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Jones near re-signing with Galaxy; Mathis avoids knee surgery

By Robert Wagman

(Saturday, March 3, 2001) -- It appears that Los Angeles Galaxy midfielder Cobi Jones is ready to sign a new MLS contract which would make him the leagueís highest-paid American with a salary and guaranteed bonus in the $350,000 range and a side endorsement and licensing deal that might double his annual take.

One league source said he expected the negotiations to be completed this coming week.

The offer, which Jones has called "very fair" has been on the table for a couple of months, but Jones wanted to test the waters overseas. A recent trial with Ipswich Town did not result in a contract offer.

MRI tells Mathis no surgery needed

After a second medical opinion and an MRI, MetroStars midfielder Clint Mathis can rest easy that he will not need knee surgery.

Mathis has been bothered with minor pain in his right knee for the last month. The initial diagnosis was a cartilage tear that would require surgery to repair.

"My first thought was how could it be torn, it didnít really hurt all that much," Mathis said. "So I decided to get a second opinion and they did another MRI which showed no tear. I guess it was just some tendinitis. Iím glad they didnít operate and then found nothing."

Mathisí stock with the U.S. national team rose precipitously this week with strong performances against Mexico Wednesday and Brazil today.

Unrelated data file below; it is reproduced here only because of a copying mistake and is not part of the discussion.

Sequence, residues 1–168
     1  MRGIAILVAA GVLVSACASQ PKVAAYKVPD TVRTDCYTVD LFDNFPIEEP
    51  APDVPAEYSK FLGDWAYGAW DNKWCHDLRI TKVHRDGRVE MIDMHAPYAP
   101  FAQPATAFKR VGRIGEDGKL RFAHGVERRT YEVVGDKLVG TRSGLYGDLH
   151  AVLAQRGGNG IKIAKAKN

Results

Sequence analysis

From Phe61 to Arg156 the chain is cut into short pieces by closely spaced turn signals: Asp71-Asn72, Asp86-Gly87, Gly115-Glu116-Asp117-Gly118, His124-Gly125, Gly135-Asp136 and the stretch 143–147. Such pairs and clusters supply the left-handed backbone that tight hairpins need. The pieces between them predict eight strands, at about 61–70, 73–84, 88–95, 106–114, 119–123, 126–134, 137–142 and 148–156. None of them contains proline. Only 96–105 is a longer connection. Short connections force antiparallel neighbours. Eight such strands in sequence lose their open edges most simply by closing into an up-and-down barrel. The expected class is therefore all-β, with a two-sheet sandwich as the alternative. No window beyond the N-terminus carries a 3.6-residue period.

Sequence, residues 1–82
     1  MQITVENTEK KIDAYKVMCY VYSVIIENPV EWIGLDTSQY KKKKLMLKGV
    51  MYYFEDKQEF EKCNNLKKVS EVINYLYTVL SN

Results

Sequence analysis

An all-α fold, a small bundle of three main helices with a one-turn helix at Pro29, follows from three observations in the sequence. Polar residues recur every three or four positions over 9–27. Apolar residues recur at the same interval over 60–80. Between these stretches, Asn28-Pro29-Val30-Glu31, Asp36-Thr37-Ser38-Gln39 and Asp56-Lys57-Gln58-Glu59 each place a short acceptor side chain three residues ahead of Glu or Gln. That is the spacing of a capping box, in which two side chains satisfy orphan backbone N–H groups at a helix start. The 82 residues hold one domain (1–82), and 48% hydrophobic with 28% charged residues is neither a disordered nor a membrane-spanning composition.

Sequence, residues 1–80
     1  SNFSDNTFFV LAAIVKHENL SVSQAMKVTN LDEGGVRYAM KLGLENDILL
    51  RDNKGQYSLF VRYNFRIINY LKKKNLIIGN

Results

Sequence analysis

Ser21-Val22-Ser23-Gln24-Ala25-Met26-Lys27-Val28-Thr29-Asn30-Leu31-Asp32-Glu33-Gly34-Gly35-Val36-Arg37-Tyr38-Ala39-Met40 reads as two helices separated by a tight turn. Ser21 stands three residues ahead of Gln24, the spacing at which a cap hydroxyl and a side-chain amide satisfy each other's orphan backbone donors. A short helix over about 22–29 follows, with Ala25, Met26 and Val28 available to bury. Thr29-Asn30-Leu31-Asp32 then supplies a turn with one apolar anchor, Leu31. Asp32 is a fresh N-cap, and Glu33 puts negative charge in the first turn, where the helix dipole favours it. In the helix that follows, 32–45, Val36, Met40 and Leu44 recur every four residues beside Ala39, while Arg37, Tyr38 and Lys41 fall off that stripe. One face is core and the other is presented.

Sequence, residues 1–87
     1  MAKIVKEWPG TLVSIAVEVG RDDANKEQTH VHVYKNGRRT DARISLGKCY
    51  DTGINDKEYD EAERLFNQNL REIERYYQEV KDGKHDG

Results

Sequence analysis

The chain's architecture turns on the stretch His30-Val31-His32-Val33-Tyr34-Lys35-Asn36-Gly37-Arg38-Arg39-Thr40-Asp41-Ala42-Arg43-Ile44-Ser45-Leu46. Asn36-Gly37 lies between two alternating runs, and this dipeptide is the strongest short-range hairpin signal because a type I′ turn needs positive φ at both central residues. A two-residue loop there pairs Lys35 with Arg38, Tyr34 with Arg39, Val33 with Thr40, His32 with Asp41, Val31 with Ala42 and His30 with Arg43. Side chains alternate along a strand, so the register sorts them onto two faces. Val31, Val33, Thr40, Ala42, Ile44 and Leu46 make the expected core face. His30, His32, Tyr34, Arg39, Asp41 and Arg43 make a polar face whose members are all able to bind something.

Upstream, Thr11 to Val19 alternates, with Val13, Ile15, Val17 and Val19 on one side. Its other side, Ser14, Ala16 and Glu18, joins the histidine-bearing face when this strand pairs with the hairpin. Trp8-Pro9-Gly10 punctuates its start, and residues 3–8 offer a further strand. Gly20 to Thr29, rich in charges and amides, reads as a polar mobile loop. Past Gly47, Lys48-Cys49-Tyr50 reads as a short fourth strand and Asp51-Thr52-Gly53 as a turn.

Constant play has Olsen battered and bruised.

D.C. United midfielder Ben Olsen did not dress for either U.S. match, sidelined with injuries to both legs.

A primary reason world governing body FIFA has developed a unified international calendar is because players now compete almost year round, with the result being more injuries that are given less time to heal.

With United in MLS, for both the U.S. national and Olympic teams, and spending the MLS offseason on loan to Nottingham Forest of the English first division, Olsen has gone non-stop for two years. He is a battered and bruised player.

In his last match with Forest before joining the U.S. team in Columbus, Olsen was kicked in one ankle. Heíd already been struggling with pain in his other ankle and with an extremely sore hamstring. After working out with the national team for a day, he was scratched from the two U.S. matches this week.

Olsen, whose loan to Forest ends in May, has been hoping the move would become permanent, but it is not clear if Forest will meet MLSís asking price which is in excess of $2 million. Even if Olsen returns to United, he could be transfered back to Forest during the summer if the British club earns promotion to the Premier League.

Senior correspondent Robert Wagman can be e-mailed at

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